Loki M1378 vs MAC canvas phenolic?

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Andrew_ASC

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So yeah I started looking into a L3 design for fun. A 3FNC 54mm min diameter dual deploy canvas phenolic rocket. Three CF fins of 0.1275” thickness that theoretical flutter at M3.45. Rocket is about 189 cm long and 2.27 stability margin. It predicts M2.89 and 36,700 ft in OR. I’m at work on break but curious if any has pushed MAC phenolic tubes above M2.4!?? From what I have read the canvas phenolic survives M2.3-2.4 from others flight data. Is this a feasible L3 project idea?

I really dig the light density of the canvas. And price isn’t bad.
 

Cl(VII)

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A rocket similar to what you describe has been built (carbon versus canvas though), but I don't know if it has flown yet...read and learn young one. Mac Pappy

While it is carbon airframe, the size limitations of the 54mm airframe, and how to fit everything are laid out well.
 
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blackjack2564

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Mac Pappy has carbon airframe .

Ps. I would just call Mike and ask him for an opinion.
 
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ECayemberg

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Checking in! Mac Pappy has flown! Since it didn't get lit at Airfest '17, it took flight on Sunday of Airfest '18. Nominal flight up and down....

except...

the M1378 spit the nozzle insert, which limited the altitude to about 60% of the expected altitude (23k vs. 38k'). I believe Scott has the nozzle issue resolved now.

My personal hunch is:

Canvas will work well under ideal conditions. IE: if the rocket flies straight, doesn't cone, doesn't encounter significant wind shear, early or late deployment, it will hold up just fine.

However, if the rocket airframe experiences any exceptional forces other than directly in the direction of travel (see above), I'd be surprised if it didn't shred. Side loads and yaw forces would likely be problematic for canvas, IMO. Planning for less-than-perfect atmospheric or flight conditions, I'd lean heavily towards carbon (or glass) airframe.
 

Andrew_ASC

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I’ll call Mike for an opinion to see if his customers have pushed his product this hard. I think the canvas phenolic is tougher than normal phenolic. I don’t want to bash his product if it works at M2.89. Fiberglass maybe a better economy alternate for this environment. Anyways thanks guys for the advice. Not out to set a record. Just trying a method where what I learn at L1/L2 transitions to L3 build.

I’m thinking unreinforced airframe whatever I do. And not tip to tip.
 

mike2wander

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Checking in! Mac Pappy has flown! Since it didn't get lit at Airfest '17, it took flight on Sunday of Airfest '18. Nominal flight up and down....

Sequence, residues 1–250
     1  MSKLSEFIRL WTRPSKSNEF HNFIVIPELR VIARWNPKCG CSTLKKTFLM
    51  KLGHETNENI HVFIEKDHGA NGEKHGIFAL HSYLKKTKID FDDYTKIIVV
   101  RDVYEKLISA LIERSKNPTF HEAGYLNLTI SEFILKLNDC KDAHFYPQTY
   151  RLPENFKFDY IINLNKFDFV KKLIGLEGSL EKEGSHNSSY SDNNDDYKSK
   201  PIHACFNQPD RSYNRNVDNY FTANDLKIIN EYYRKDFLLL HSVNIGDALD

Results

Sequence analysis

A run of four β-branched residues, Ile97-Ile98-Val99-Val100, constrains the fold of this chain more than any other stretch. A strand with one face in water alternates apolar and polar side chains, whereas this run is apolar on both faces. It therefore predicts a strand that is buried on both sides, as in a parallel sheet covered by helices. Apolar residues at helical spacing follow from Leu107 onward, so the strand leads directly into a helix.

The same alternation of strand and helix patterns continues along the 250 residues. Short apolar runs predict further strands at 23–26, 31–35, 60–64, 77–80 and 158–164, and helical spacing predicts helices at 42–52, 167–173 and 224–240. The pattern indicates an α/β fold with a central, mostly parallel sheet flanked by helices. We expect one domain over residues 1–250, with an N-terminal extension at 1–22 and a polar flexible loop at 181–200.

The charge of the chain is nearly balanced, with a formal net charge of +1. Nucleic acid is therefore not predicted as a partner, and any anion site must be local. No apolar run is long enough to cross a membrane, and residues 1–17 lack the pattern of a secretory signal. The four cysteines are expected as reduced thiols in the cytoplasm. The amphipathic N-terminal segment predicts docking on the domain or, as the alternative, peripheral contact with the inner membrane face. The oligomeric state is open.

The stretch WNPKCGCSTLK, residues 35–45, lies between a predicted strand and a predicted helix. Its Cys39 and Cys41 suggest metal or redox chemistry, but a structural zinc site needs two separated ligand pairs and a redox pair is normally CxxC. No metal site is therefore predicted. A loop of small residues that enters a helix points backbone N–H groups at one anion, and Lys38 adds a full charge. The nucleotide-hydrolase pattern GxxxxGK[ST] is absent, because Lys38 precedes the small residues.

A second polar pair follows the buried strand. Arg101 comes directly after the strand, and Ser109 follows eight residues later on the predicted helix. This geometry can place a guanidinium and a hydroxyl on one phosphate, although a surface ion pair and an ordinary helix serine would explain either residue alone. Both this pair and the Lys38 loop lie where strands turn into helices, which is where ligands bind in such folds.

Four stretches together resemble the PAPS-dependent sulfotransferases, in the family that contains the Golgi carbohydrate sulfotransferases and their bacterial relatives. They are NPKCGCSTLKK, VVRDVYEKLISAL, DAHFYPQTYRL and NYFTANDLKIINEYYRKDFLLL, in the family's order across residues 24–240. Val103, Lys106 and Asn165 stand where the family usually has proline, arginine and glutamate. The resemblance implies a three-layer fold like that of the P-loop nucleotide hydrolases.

except...

the M1378 spit the nozzle insert, which limited the altitude to about 60% of the expected altitude (23k vs. 38k'). I believe Scott has the nozzle issue resolved now.

My personal hunch is:

Canvas will work well under ideal conditions. IE: if the rocket flies straight, doesn't cone, doesn't encounter significant wind shear, early or late deployment, it will hold up just fine.

However, if the rocket airframe experiences any exceptional forces other than directly in the direction of travel (see above), I'd be surprised if it didn't shred. Side loads and yaw forces would likely be problematic for canvas, IMO. Planning for less-than-perfect atmospheric or flight conditions, I'd lean heavily towards carbon (or glass) airframe.
I think Eric hit the nail right on the head. When in doubt go with carbon. I've personally flown my HYPER 54 to Mach 2.3 (1822) and 23k on an L1040. With the Loki 2800 case loaded there is absolutely no extra space inside. The motor acts as an aluminum liner for the canvas airframe. A longer canvas airframe to hold the Loki M1378 spit would be the same situation. If surface mounted fins were to experience a lot of flutter then I think the rules would definitely change. On the flip side....With a MAX-Q Fin Can I think the canvas would survive as long as deployment goes as planned. I think someone needs to prove us right or wrong. ;) The pics of Eric and MAC Pappy were taken at Airfest in Argonia last August
Cayemburgh carbon.jpg cayemburgh carbon2.jpg
 
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DavidMcCann

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Going for cert knocks out the fin can.

I'd go carbon here, but as Mike said.... there's not a whole ton of open space in a rocket like this. You're basically pulling a canvas condom over a motor casing and lighting the bottom.
 
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